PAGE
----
July 29, 2011: Give Me a Week

The whole “day by day” attitude that I have had just isn’t working for me. Days are simply too short and they end too quickly. Focusing on each day means that nights are rotten. I simply can’t sleep and find myself pacing around at all sorts or weird hours. Even the dog is telling me to calm down and get some sleep.

So now, I am officially announcing that we are going to have a great week. That’s right — from right now, we know that this coming week will be a really good one. It will be good and it will be normal. Let’s make it a week and a day so we can throw in next Shabbat as well, o.k?

First, Stella has been feeling better. The chemo commandos must be doing their job and knocking the stuffing out of the evil cancer troops. The last couple days have been really nice and aside from sleeping a lot (which is not the worst side effect if you think about it,) Stella seems in pretty good shape. Her hair has not fallen out and she has not turned blue. She even had a pint of Ben and Jerry’s, melted of course since she can’t eat cold food. She still looks fantastic and when she send me that smile of hers, I feel that everything will be all right.

I have thought a lot about the difference between denial and hope. Denial means that you simply refuse to understand the situation you are in. You may listen to the Doctor, but you don’t hear. Denial is not a terrible thing if the road is rough, but I don’t believe it’s that healthy.

Hope is something else entirely. Hope means that even though you understand that the road ahead will be rough, you still believe that one day, everything will be normal again. There are so many examples of people “beating the odds” doing all sorts of things that you have to realize how little cancer statistics mean if you are one person.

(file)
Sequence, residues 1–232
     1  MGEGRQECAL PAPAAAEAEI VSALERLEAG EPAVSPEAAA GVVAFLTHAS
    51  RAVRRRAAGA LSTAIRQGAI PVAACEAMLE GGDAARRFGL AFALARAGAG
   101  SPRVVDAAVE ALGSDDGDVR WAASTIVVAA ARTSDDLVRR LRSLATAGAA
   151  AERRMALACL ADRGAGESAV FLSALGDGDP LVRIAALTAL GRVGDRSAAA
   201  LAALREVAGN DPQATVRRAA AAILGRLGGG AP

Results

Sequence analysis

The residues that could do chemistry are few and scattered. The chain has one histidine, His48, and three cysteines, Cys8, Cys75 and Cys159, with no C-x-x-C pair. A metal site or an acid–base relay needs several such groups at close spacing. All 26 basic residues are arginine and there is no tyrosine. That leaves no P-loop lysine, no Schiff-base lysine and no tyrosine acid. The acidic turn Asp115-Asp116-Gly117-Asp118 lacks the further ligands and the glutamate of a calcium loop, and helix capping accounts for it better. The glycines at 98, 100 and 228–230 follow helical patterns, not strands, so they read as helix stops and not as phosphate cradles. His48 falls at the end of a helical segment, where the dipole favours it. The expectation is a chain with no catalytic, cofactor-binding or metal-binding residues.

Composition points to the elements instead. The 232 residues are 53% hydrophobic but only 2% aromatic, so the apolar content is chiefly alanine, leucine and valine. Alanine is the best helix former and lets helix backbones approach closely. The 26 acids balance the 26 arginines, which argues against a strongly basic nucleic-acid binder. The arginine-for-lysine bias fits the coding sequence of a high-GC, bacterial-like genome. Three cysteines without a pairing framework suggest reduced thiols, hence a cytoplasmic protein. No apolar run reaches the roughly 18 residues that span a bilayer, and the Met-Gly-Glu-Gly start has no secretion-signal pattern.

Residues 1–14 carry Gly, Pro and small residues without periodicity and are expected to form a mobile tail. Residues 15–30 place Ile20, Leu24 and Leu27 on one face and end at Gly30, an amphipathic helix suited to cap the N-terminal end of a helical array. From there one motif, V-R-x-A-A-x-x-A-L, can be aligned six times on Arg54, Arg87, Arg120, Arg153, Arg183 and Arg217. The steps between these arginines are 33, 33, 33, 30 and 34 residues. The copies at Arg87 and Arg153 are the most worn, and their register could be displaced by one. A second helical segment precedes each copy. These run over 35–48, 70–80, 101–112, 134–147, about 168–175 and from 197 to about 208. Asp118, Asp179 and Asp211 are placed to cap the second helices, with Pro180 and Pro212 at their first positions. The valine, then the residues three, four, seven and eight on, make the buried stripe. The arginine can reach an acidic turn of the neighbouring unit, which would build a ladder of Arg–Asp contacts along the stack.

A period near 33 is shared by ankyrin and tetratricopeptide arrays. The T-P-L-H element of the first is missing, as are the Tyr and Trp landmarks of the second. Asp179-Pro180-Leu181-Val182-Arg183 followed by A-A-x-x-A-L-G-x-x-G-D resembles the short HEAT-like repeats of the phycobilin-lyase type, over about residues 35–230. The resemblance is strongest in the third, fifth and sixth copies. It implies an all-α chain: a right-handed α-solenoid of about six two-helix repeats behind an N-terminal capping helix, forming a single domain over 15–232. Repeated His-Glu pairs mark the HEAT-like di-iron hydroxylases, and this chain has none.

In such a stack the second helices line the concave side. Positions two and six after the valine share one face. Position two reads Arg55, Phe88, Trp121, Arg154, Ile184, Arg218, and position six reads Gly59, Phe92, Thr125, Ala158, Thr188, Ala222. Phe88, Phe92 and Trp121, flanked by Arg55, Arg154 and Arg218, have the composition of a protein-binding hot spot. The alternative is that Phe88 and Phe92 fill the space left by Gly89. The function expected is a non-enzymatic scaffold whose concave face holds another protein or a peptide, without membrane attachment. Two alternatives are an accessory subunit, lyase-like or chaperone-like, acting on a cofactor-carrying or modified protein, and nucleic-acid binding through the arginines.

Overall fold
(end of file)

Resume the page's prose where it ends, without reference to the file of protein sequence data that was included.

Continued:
People who been given tiny chances live and those who have been given great odds die. So if you are an Oncologist with one hundred patients, the statistics may be very important to you. But if you are just one person — they don’t necessarily mean anything. So not obsessing about numbers is not denial, it’s hope.

Why on Earth did Lance Armstrong believe that he could win the Tour de France just three years after getting cancer? One word: Hope.

So the word for the week is hope and what a week it will be. We have huge plans. We are going to go for walks with the dog, and go back to work, and cook meals for ourselves. Our kids will be returning from California and we will have pizza and go the mall. We will play tennis on the Wii and Bannanagrams on the table.

We do not have chemo scheduled or blood tests or meetings with Doctors. I’m not in denial, I know that we will have lots of all those things in the future. But I just want one week to have fun and be happy and squeeze all we can out of seven or eight days. I’m not going to cry in shul, but I will sleep and run like a normal (well, normal for me) person.

And who know, if this week works, maybe we can have another.

And another.

And another.

That’s what I mean by Hope.

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